New faces chosen in Aug. 2 election
Posted: Thursday, August 9, 2012 9:30 am
Rep. Andy Holt goes over the first set of results with Joe David Laws Thursday night after the polls closed.
The battle lines have been drawn for the November election, thanks to results claimed by candidates Thursday when voters across the state were asked to cast their ballots.
Weakley County voters boasted its usual turnout of only about 10 percent of registered voters heading out the polls that day.
They were asked to pick a Republican candidate in the 24th Senatorial District race, while others were asked to select a District 1 county commissioner and specific school board members.
Brad Thompson, an Obion County native ran unopposed on the Democratic ticket for the 24th Senatorial District slot.
He will now face Huntingdon attorney John Stevens after he was favored by district-wide Republicans. Stevens earned 5,418 votes across the district, with 750 of those cast in Weakley County.
His opponent, Obion County Commissioner Danny Jowers earned 3,475 votes district-wide, with 406 of those cast in Weakley County.
Thompson secured 4,035 complimentary votes in the district, with 593 votes carried in Weakley County.
With the Democratic and Republican candidates vying for the seat being left vacant by Dresden Democrat and State Sen. Roy Herron, Thompson and Stevens are gearing up for their campaigns.
“I’m not a politician; I’m an advocate,” Thompson said. “One of the first things I’ll work on when I’m in the Senate is lowering the sales tax on food. It is unreasonable to me that Tennessee ranks the highest in the nation for combined state and local sales tax, and we’re sitting on a surplus of over half a billion dollars. That means we can give real relief to our families at the grocery checkout line. It’s time we do it, and I’ll put the politics aside to get the job done.”
Tennessee ranks first in combined state and local sales tax rate at an average of 9.43 percent, according to the Tax Foundation. In the 24th District, all rates are 9.75 percent because of local options of 2.75 percent, except for Henry County with a local option of 2.25 percent, according to Thompson’s campaign.
“We should also use part of this surplus to freeze soaring tuition costs,” Thompson said. “UT Martin’s tuition is going up 6 percent because politicians in Nashville don’t have the political will to keep that from happening. That’s an unnecessary tax on our college students and families, and we have more than enough in the surplus to freeze tuition.”
Stevens thanked the voters of District 24 “for their overwhelming support” in a post to his Facebook campaign page a few hours ago.
“As a first time candidate, it is truly humbling to receive the shows of support at polling stations, on Facebook, via text, email and telephone. We now need greater participation in the most important election of our lifetime,” Stevens told supporters.
Voters will see a familiar ballot in November when they see Republican and incumbent Andy Holt of Dresden vying for the against Democrat Mark Maddox of Dresden. Maddox held the seat prior to Holt’s election in 2010.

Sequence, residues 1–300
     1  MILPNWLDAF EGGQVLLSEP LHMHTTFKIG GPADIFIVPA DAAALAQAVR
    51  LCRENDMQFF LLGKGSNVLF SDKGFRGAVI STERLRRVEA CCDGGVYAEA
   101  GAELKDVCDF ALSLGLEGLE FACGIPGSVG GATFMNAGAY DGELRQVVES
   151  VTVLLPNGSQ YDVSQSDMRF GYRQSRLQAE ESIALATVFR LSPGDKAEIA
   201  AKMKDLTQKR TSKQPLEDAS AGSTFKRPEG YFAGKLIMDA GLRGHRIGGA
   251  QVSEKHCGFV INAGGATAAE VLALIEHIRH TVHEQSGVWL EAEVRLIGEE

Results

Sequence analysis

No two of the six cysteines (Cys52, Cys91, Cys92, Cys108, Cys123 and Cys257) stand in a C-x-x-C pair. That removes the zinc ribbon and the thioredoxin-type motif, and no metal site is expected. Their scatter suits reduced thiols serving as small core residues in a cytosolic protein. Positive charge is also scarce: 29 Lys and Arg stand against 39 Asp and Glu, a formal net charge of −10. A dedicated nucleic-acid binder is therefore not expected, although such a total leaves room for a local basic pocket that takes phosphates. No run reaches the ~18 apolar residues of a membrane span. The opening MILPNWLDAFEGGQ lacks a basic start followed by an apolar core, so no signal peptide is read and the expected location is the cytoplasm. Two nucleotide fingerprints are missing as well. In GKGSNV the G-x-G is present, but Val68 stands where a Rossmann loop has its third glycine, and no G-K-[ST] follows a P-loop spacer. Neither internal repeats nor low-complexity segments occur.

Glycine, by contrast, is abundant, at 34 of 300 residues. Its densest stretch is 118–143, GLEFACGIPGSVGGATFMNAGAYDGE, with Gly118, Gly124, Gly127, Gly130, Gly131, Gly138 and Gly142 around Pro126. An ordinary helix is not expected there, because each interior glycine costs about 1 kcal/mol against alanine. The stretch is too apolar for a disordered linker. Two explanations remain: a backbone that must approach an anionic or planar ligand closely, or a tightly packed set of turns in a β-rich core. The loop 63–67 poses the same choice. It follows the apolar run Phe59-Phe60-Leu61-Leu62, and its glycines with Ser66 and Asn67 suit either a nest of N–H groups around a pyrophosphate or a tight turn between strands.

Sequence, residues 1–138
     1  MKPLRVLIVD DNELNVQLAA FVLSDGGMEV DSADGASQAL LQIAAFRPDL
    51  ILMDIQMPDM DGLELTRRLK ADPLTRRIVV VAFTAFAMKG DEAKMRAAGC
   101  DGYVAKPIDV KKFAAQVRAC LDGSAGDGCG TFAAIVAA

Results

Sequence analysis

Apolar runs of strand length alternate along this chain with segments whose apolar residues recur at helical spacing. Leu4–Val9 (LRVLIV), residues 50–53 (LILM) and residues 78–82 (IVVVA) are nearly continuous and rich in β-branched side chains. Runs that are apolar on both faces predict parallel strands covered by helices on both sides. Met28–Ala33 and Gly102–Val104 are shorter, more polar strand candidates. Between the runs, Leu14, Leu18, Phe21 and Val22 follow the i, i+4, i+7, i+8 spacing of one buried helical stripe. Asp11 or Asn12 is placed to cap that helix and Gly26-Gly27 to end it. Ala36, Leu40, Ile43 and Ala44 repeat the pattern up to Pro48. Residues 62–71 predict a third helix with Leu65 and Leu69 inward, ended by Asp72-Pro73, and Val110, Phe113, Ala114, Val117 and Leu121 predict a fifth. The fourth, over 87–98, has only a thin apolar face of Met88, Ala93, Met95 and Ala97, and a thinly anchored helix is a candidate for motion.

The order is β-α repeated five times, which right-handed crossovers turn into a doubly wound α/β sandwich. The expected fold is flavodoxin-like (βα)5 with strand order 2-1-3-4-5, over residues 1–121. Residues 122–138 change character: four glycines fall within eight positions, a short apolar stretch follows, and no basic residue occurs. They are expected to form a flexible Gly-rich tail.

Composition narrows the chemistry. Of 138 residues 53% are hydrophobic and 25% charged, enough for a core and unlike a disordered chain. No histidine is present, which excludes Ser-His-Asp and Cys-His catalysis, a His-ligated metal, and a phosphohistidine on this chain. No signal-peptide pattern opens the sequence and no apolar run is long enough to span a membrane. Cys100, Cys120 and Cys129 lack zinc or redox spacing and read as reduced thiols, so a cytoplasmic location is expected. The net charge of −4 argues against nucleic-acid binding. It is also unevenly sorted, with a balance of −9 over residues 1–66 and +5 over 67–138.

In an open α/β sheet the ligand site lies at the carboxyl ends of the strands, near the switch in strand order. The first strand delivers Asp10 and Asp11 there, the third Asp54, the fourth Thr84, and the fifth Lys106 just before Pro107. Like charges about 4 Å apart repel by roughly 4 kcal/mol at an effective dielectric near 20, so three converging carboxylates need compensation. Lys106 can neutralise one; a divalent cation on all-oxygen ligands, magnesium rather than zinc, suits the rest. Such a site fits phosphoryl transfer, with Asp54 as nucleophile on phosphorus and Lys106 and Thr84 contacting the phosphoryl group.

Both candidates faced no opposition on the ballot last week. Holt earned 1,125 courtesy votes, while Maddox took 713 courtesy votes in Weakley County.
Holt had a total of 2,235 votes across the district, while Maddox had 1,432 votes cast in his favor in the district.
In local races, Gath Meeks retained his District 1 school board seat with 331 votes. John Liggett took 180 votes for the District 3 school board seat. Kim Longacre earned 139 votes to take the District 5 school board slot.
Doug Sims was re-elected to his post as school board member for District 7 with 157 votes and Sarah Ann Pentecost also retained her school board seat in District 9 with 221 votes.
The District 1 county commission seat saw some contention with four candidates vying for the position.
James Bynum retained the seat with 160 votes, while Joe David Laws followed closely with 121 votes in his favor.
Bobby Dunlap earned 88 votes and Michael J. Simmons took 49 votes in District 1.
David Tuck retained his assessor of property for another four years with 1,559 complimentary votes cast in his favor.
In Weakley County, U.S. Rep. Stephen Fincher took 1,104 votes, while his opponent Annette Justice had 107 votes. Fincher had 60,334 votes cast in his favor across the district, while Ms. Justice took 9,282 votes.
Fincher will face Democrat Timothy Dixon in November. Dixon had 6,948 votes district-wide, with 137 votes in Weakley County.
U.S. Sen. Bob Corker secured 968 votes in Weakley County; 388,781 votes across the state.
He will face Democratic challenger Mark Clayton, who earned 178 votes in Weakley County and 48,066 votes across the state.
Of the 20,738 voters registered in Weakley County, only 2,070 showed up at the polls for the August County General and State and Federal Primaries.
There were 1,266 Republican ballots cast in Weakley County and 789 Democratic votes cast last week.
Fifteen ballots were non-partisan. The next election is Nov. 6.